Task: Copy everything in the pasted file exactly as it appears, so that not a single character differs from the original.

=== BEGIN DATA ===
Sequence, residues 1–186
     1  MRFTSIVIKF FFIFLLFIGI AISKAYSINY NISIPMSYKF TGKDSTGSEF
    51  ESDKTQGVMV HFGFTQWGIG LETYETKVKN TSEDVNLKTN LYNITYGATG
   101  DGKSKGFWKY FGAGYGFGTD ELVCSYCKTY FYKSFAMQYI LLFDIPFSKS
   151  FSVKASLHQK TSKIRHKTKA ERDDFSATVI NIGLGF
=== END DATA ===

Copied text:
Sequence, residues 1–186
     1  MRFTSIVIKF FFIFLLFIGI AISKAYSINY NISIPMSYKF TGKDSTGSEF
    51  ESDKTQGVMV HFGFTQWGIG LETYETKVKN TSEDVNLKTN LYNITYGATG
   101  DGKSKGFWKY FGAGYGFGTD ELVCSYCKTY FYKSFAMQYI LLFDIPFSKS
   151  FSVKASLHQK TSKIRHKTKA ERDDFSATVI NIGLGF